Jones Soda: Personalization or Not?

By | September 4, 2012

When you buy a pack of Jones soda (in inhumanly colored flavors like turquois blue and sour apple green), you are invited to share a piece of yourself with the company. Simply upload your own image to the company’s website and it might use it on one of its bottles for retail sale.

Usually, when we think of consumers uploading their personal images, those images are being used for creating products or packaging for their own use — one-off or ultra short-run personalization for the individual. (The company offers personalized 12-packs for $29.99 too, of course). But in this case, Jones is using the personal images to create labels for national sale.

It’s an interesting concept, and I’m sure it’s one that has earned the company plenty of social media buzz. It even has a Jones Gallery for images — from wacky to artistic — it has used over time. As you would expect, the gallery has social media buttons for people to “like” the page and share it on their Facebook pages. You can even download previously used photos (in the form of Jones labels) as wallpaper for your iPhone.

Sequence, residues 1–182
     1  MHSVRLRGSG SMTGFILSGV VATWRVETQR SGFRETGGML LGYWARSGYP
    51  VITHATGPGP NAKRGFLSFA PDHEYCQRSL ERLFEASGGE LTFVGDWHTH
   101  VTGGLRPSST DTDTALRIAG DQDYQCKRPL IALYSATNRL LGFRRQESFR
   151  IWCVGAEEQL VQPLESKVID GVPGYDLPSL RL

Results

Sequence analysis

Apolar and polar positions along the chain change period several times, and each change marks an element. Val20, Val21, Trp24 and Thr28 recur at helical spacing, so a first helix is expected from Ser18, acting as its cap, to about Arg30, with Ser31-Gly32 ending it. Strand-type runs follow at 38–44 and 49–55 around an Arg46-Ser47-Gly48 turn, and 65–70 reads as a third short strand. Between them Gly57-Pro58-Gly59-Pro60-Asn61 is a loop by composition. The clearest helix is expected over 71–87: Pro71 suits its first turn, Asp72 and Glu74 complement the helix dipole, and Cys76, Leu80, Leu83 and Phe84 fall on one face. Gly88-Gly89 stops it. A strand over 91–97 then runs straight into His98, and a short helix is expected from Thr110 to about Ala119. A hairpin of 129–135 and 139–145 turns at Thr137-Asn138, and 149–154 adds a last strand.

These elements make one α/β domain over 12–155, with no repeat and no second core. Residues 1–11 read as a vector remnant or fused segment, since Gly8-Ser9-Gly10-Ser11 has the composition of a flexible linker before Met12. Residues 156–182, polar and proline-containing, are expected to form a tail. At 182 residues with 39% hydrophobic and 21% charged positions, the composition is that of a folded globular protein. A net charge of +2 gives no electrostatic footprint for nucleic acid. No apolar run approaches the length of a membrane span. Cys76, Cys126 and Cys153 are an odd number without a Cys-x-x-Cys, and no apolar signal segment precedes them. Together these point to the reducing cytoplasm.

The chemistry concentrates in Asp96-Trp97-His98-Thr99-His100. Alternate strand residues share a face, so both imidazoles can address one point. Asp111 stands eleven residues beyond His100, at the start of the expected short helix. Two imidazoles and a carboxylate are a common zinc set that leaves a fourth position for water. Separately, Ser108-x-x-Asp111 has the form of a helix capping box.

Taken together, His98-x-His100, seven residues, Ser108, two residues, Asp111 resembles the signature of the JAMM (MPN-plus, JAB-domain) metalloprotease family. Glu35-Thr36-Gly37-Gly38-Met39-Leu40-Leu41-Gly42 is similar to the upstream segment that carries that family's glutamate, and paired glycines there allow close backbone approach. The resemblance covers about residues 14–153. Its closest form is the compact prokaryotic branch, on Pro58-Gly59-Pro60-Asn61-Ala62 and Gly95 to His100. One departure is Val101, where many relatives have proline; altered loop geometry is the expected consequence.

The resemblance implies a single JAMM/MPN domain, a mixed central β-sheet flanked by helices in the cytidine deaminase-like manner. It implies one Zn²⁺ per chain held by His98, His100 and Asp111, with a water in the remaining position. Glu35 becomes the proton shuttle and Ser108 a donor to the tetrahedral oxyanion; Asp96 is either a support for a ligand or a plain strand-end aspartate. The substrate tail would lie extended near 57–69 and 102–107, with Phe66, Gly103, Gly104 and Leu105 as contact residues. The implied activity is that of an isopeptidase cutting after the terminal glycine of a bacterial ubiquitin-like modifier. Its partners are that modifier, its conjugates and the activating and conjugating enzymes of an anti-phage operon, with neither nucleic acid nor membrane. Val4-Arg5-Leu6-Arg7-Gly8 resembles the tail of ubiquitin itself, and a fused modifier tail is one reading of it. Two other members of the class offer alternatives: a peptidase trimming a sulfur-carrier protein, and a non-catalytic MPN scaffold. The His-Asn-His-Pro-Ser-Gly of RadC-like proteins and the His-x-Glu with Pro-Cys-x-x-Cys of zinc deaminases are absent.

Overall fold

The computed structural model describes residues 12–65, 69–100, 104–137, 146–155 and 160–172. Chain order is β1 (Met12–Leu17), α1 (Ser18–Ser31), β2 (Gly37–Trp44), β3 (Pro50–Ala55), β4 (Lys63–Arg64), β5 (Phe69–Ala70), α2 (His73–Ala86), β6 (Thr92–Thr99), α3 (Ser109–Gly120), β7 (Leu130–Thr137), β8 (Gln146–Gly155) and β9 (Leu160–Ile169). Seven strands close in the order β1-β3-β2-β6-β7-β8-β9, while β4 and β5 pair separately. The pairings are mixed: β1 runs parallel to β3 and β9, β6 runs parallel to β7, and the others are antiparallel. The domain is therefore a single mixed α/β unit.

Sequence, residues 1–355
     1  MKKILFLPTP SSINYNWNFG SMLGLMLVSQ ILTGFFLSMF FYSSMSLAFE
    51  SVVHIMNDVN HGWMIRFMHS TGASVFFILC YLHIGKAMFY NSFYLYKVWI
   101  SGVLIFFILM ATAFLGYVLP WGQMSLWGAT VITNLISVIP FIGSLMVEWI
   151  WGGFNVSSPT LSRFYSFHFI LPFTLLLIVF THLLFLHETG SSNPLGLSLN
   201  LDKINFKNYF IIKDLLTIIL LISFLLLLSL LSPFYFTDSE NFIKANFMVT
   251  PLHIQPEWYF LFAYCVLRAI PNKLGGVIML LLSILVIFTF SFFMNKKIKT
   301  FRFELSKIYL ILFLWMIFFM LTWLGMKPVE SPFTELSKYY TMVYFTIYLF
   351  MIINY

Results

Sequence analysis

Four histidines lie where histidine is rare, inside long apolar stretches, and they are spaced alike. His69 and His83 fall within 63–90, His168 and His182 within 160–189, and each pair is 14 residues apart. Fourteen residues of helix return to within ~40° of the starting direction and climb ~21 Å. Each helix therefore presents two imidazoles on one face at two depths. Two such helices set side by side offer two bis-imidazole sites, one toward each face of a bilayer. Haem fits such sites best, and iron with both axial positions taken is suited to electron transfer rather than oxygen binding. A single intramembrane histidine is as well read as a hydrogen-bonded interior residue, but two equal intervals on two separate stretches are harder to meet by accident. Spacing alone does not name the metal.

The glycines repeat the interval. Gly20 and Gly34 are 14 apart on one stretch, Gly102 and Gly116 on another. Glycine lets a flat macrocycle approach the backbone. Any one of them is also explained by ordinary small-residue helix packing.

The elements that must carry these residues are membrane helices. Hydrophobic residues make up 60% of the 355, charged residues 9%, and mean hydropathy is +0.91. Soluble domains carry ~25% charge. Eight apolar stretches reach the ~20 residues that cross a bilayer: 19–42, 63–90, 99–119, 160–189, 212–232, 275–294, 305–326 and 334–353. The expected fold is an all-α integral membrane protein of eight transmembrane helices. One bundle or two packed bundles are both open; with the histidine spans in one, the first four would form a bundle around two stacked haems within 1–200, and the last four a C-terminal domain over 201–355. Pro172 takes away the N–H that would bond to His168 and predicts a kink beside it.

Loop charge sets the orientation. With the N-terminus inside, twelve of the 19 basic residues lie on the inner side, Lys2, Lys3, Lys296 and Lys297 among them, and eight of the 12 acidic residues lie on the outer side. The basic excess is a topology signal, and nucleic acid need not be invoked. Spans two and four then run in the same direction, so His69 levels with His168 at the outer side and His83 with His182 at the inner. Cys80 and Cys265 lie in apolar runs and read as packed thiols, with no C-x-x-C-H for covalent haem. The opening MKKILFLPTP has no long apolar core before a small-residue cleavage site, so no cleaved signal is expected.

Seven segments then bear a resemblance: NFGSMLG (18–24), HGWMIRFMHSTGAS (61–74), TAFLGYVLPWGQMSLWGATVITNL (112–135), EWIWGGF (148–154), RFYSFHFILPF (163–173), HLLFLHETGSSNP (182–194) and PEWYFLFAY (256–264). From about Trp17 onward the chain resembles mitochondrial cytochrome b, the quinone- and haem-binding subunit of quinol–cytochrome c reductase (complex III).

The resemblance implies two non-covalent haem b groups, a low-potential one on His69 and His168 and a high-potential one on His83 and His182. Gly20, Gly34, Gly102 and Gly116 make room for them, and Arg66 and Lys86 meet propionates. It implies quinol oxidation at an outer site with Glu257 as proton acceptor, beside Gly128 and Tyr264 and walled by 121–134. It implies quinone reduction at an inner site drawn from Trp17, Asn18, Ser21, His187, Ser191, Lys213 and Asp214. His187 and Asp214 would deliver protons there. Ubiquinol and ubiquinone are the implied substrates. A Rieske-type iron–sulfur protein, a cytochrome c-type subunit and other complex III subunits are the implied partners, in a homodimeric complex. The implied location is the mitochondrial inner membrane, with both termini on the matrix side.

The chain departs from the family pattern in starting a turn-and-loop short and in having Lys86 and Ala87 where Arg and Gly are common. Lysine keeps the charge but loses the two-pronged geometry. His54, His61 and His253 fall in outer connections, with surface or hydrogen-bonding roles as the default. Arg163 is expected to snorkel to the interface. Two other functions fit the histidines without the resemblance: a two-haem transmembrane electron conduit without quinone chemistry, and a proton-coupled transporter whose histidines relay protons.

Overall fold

What’s interesting here is how the company took what were the efficiencies of high-volume production for a national audience and shortened the runs to create a very branded identity as the edgy, unconventional product great for viral sharing.

I think back to the post I wrote on Barb Pellow’s keynote at the Print Solutions 2012 conference in which she talked about having a Blue Ocean strategy by creating a product that has little or no competition in the marketplace because you are doing something in an entirely new way. Digital production allows MSPs to offer their clients, not just a more efficient way to produce certain campaigns or the ability to do targeting and personalization , but also a way to create entirely new niches and reach people in entirely different ways.

So is uploading your own photo to Jones Soda company really personalization? Only if you order the “My Jones” 12-pack. But it is a great example of using short-run production to establish a brand image based on customer participation and interaction.

I wonder if Jones read Blue Ocean Strategy?

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